Another Project Reset blog? Yeah go on then!
So far we have looked at how a lack of money is the core problem in Welsh rugby, why dropping to two teams would have a negative impact on the national team, and the first of the social media rumours that talked of Dragons and RGC ‘merging’.
Now though, as the wait for information heads into another week and supporters are left in the lurch not knowing what awaits next season, never mind some of the players who have their livelihoods on the line, the amount of rumours increase.
One rumour in particular that has been mentioned a lot over the weekend is regarding a possible merger between Cardiff Blues and Ospreys.
Before I get into it, it has to be stressed this is purely a rumour so far, it has been mentioned enough to be worthy of a blog but not confirmed by enough reliable sources to be close to the truth, so this is just a speculative piece of writing. Basically, don’t get your knickers in a twist.
The rumour itself sort of ties in with other whispers regarding new teams entering the Guinness Pro14 next season, particularly a new South African entry that has been talked about since the Cheetahs and Kings came on board last season.
And you can sort of see how it might work in terms of the funding that Welsh rugby does, or rather doesn’t have.
The Professional Rugby Board may have more success properly funding two teams and operating a third as a development region, allowing the two top tier sides to compete in the Guinness Pro14 and Heineken Champions Cup, with the third team benefitting from the best of the young players coming through before they move on.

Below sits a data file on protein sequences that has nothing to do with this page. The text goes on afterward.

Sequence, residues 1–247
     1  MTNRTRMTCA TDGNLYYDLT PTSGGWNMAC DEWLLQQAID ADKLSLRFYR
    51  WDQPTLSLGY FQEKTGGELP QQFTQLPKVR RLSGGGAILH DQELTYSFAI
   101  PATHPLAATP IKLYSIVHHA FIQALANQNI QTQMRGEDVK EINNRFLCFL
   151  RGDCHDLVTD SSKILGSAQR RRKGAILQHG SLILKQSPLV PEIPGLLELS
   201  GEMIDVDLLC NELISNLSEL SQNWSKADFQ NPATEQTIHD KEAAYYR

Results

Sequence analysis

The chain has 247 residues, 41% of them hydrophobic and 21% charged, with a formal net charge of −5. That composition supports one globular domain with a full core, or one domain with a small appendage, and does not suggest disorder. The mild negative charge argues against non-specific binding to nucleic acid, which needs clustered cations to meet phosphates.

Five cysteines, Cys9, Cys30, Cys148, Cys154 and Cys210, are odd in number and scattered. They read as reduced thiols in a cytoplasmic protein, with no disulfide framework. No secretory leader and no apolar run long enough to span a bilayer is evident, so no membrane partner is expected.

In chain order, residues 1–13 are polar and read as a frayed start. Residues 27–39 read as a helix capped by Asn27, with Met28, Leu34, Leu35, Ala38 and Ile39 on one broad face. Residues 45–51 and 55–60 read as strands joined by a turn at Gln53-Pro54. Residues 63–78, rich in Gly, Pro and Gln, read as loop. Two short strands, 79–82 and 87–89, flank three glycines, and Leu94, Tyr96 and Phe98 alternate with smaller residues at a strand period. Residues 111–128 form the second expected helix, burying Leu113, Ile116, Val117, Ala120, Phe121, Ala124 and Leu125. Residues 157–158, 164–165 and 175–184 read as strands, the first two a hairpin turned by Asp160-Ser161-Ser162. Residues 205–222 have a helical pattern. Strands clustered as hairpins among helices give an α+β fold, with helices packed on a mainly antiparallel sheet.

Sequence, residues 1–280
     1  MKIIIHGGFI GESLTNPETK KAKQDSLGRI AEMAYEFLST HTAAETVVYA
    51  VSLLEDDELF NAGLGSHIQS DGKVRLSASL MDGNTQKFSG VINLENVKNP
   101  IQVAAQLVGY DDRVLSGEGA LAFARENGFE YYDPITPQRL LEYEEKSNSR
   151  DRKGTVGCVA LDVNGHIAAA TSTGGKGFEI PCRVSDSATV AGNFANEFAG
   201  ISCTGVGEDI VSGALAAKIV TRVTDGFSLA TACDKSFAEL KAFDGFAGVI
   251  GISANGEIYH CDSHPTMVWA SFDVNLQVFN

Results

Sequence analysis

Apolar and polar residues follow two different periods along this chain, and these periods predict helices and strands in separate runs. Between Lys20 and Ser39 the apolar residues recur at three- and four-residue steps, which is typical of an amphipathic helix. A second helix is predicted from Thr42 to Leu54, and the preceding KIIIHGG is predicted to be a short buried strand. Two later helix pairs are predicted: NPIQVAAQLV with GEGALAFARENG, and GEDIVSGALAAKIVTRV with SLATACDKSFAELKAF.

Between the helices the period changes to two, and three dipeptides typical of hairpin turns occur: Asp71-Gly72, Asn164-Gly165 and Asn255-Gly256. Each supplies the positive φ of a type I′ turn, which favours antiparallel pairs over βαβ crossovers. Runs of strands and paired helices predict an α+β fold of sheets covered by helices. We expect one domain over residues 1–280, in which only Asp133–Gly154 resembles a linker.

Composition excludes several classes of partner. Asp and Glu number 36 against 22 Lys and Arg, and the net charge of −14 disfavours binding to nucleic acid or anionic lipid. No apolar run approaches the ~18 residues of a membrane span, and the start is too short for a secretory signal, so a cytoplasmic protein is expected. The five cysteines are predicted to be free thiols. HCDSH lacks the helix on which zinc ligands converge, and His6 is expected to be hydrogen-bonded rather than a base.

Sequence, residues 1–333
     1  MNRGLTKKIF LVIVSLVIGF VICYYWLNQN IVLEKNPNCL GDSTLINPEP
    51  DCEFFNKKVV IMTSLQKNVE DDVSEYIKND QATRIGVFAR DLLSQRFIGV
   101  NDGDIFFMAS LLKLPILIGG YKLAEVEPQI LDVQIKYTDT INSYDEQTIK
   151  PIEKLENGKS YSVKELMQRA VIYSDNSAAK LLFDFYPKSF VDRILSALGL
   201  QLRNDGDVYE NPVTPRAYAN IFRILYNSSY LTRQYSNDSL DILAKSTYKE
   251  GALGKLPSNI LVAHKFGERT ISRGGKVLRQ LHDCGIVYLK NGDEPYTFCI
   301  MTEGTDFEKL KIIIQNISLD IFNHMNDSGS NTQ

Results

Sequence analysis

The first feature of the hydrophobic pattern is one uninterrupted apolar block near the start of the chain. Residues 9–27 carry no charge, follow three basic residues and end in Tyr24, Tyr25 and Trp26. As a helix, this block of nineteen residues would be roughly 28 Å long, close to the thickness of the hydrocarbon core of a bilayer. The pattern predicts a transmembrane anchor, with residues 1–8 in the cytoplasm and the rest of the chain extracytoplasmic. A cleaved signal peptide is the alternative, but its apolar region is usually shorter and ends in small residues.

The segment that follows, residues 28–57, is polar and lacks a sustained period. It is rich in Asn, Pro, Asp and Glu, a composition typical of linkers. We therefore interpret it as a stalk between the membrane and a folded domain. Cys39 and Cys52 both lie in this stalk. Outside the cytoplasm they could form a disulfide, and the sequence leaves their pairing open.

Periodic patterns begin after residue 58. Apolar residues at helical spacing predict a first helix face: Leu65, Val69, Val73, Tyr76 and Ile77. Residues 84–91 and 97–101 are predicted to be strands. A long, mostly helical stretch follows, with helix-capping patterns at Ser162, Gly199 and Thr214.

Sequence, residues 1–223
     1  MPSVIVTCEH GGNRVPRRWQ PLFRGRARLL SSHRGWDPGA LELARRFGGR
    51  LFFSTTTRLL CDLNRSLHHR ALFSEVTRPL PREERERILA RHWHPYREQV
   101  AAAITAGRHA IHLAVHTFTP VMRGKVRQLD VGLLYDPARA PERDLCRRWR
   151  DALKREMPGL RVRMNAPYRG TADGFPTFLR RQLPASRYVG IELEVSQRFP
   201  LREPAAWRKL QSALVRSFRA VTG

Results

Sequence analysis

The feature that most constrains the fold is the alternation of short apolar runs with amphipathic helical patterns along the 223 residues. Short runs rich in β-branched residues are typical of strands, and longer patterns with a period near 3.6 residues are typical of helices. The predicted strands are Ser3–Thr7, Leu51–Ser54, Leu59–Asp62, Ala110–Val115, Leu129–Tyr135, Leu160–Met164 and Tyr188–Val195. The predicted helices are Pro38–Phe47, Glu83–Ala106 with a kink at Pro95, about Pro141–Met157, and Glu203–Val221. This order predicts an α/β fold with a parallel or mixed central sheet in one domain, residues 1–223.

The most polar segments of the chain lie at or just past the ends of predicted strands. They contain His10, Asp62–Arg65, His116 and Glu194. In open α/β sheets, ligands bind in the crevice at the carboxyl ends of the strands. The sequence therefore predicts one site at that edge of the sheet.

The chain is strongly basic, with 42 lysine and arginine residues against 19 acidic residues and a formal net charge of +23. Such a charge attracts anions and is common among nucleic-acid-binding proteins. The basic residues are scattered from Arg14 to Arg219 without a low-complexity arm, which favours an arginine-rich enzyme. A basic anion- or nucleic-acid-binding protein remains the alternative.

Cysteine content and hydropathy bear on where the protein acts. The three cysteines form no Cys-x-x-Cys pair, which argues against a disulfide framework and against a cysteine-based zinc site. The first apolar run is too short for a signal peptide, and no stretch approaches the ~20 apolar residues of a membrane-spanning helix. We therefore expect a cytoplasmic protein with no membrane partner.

However, the list of issues that arise from any attempted merger of Cardiff Blues and Ospreys is of such a length that I am bound to miss some out in what follows.
Firstly, what would the team be called, and where would they be based? Is it more Cardiff Blues taking on the Ospreys in a similar way to how the Celtic Warriors became part of the region, or would it be a full merger?
Coming up with a brand that once rival sets of fans could both support would be an extremely tough job, while deciding where home games would be played is a key aspect. Convincing a supporter to travel from Cardiff to Swansea or vice versa on a Friday night would be some feat.
Then there’s the rugby question of who forms the coaching staff and which players are kept on. Currently both teams have a full set of coaches under contract, and at this point it appears more than 70 players under contract, never mind the quality players out of contract in each squad at the end of the season.
Also off the field, where are the offices based? And who becomes part of the behind the scenes staff? Both current sides have admin, ticketing, media and management staff that will not all have jobs in a merged company.
This is before broaching legal issues which are all comfortably over my head.
It is also worth pointing out that the aforementioned budget increases aren’t even assured as we don’t currently know what would happen to the money pot that the Professional Rugby Board have to work with if we drop to three professional teams.
The majority of that money comes from competition earnings that are funneled from the Pro14 through the WRU to the regions, however the likelihood is that this money would reduce on a pro rata basis.
With no guarantee that existing sponsors would hang around to put money into any new or merged entity, the risks associated with a seismic shift like Cardiff Blues and Ospreys becoming one are far too big to go through with any decision.
At this point we are still no closer to finding out what exactly Project Reset is, and the danger is that people are slowly switching from anger to not caring. That is very dangerous.